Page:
One of the most memorable of the many memorable lines uttered by the Dowager Countess Violet Crawley in Downton Abbey occurs during Season Two when word comes that her granddaughter, Lady Edith, is considering a career as a journalist. “When may she expect an offer to appear on the London stage?” snaps the old lady.
That disparaging comment reflects an attitude, held for centuries in England and inherited by the United States, that the acting profession was one of the lowest of the low – indeed, barely a step above criminal and prostitute. It held in Shakespeare’s time, and lingered into the 20th century, into and beyond the Edwardian era.
The irony in the case of the fictional Dowager Countess is that she is played by Dame Maggie Smith. That honorific, which corresponds to the male Sir, denotes that the bearer is a Dame Commander of the Most Excellent Order of the British Empire (DBE), an honor bestowed upon actors for their “services to drama.” For a man, it’s called a knighthood. The notable performers who’ve received the honor include Sir John Gielgud, Sir Ralph Richardson, Sir Michael Redgrave, Sir Alec Guinness, Sir Ian McKellen, Sir Patrick Stewart, and Sir Elton John. The female ranks have included Dame Judi Dench, Dame Helen Mirren, Dame Judith Anderson, and opera singer Dame Joan Sutherland. Lower on the hierarchy are respected performers who haven’t been around as long. Kate Winslet gets the letters CBE appended to her name, having been honored as a Commander of the Most Excellent Order of the British Empire, a lower rank that doesn’t merit the title Dame but still represents a type of formal recognition we don’t have in the U.S.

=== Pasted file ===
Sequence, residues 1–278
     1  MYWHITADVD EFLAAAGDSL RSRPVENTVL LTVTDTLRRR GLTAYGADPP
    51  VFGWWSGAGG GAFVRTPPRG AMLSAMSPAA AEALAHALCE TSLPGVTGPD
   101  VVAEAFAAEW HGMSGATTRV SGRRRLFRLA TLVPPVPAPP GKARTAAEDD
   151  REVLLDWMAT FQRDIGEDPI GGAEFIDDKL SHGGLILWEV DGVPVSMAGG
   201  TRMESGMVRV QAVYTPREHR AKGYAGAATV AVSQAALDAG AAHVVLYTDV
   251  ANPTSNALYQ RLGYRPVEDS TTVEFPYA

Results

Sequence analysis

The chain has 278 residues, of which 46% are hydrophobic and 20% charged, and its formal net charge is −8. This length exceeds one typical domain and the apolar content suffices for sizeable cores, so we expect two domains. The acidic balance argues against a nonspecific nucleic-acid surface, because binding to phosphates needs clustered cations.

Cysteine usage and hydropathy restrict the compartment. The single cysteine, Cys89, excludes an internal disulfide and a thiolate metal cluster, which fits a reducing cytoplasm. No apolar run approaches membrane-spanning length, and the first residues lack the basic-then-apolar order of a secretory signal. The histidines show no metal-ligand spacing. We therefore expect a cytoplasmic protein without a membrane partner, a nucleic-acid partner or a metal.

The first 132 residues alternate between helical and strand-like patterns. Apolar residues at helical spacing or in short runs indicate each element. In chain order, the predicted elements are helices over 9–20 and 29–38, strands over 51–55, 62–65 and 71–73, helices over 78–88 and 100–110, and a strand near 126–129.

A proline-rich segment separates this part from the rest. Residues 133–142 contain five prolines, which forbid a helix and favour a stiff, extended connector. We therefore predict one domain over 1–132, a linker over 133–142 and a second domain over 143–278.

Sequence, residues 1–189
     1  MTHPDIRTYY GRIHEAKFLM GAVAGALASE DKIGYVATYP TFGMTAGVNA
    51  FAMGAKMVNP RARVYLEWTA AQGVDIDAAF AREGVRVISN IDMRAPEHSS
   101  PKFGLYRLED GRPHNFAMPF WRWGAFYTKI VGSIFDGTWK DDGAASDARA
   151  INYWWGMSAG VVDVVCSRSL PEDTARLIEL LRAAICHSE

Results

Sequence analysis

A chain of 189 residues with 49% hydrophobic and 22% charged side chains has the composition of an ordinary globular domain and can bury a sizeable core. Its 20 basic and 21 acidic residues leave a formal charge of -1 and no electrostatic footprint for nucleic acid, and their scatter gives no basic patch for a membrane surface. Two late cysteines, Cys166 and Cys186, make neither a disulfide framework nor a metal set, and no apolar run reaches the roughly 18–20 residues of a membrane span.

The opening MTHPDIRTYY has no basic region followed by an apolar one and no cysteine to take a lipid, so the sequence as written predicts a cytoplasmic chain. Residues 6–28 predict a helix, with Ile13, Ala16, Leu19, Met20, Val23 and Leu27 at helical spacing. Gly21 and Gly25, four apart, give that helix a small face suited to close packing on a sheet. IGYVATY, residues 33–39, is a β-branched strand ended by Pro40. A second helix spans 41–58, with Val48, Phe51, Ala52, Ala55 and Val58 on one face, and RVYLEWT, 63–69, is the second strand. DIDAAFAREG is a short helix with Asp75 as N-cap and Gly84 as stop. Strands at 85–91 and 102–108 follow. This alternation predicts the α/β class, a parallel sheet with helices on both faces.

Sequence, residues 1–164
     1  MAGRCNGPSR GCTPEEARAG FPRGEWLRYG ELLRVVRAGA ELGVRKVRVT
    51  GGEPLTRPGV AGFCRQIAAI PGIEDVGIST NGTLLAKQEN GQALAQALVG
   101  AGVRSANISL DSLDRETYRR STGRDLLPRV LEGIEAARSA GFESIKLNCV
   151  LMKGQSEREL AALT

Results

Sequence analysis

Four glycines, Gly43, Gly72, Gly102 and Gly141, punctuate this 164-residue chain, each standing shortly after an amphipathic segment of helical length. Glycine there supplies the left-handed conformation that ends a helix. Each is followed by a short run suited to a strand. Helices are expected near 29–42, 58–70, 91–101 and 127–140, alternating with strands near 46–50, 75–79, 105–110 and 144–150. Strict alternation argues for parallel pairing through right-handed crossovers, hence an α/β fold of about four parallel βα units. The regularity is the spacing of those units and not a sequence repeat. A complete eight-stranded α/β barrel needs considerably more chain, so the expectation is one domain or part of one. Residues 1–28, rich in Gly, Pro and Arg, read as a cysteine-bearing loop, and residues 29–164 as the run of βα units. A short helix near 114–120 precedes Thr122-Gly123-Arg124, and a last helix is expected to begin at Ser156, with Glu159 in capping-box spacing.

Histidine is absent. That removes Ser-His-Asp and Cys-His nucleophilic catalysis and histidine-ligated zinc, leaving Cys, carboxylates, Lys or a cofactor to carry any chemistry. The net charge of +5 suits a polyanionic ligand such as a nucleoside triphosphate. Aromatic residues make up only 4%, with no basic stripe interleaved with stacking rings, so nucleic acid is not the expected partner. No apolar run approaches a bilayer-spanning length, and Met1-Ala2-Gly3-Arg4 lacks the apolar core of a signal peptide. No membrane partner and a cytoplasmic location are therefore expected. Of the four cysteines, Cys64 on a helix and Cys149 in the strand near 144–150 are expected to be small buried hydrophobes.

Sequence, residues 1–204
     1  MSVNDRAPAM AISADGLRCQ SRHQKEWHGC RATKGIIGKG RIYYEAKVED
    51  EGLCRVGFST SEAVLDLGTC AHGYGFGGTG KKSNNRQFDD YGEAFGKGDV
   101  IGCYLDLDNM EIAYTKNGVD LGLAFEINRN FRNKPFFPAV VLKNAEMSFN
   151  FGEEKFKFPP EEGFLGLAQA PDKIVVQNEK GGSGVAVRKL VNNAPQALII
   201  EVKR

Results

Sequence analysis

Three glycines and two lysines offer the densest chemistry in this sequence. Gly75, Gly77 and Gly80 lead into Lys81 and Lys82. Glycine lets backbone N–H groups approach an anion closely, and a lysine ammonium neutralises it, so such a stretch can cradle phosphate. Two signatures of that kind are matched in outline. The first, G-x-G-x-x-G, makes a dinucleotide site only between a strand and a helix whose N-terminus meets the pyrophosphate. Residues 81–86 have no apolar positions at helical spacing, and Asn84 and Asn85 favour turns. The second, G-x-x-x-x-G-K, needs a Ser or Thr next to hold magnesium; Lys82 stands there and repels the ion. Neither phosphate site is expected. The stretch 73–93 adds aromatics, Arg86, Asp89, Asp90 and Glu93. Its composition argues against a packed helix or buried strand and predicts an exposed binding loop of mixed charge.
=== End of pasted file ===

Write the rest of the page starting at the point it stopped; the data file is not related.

The founders of the United States expressly rejected the class distinctions reflected in those titles, and such honorifics have never taken hold in America. Nevertheless, the acting profession stateside has undergone a similar status lift, though, sadly, in the U.S. men have a much easier time breaking into the honored-actor corps than women do. The American public venerates their most accomplished actors almost as much as the British do their own. Marlon Brando, Robert De Niro, Al Pacino, Dustin Hoffman, and Meryl Streep are just a few of those admitted to the (informal) pantheon after long and distinguished careers.
What accounts for this drastic reversal in status – from the dregs to the heavens – for the acting profession on both sides of the Atlantic? Maybe it’s a question best left to sociologists, but I’d guess that broadcasting and mass communication had something to do with it. When a whole population, rather than just a select and mostly local live audience, can witness en masse a fine performer reflecting and distilling a recognizable and important facet of the character of the age, they way the best actors can; when appreciation for a performer’s skill and loyalty to the truth becomes universal; when people who know each other only casually, or not at all, can debate the merits of the latest TV series, Hollywood film, or Oscar nominations over the water cooler or the Internet; then the stars of those productions have ascended to the heights of respect as well as fame, and in the process become cultural demigods.
It’s no wonder, then, that the British now make their heroic thespians – their Captain Picards, Obi Wan Kenobis, and “M”s as much as their Hamlets and Falstaffs – into Sirs and Dames, no matter what the Lords and Ladies of Downton Abbey would have thought.